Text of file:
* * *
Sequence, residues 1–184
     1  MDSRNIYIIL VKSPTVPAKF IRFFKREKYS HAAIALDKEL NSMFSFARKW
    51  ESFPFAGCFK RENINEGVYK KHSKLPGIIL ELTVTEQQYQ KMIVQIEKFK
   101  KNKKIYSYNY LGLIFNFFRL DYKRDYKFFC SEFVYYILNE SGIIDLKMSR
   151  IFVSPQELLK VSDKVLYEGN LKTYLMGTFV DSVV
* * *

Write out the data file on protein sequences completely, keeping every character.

Sequence, residues 1–184
     1  MDSRNIYIIL VKSPTVPAKF IRFFKREKYS HAAIALDKEL NSMFSFARKW
    51  ESFPFAGCFK RENINEGVYK KHSKLPGIIL ELTVTEQQYQ KMIVQIEKFK
   101  KNKKIYSYNY LGLIFNFFRL DYKRDYKFFC SEFVYYILNE SGIIDLKMSR
   151  IFVSPQELLK VSDKVLYEGN LKTYLMGTFV DSVV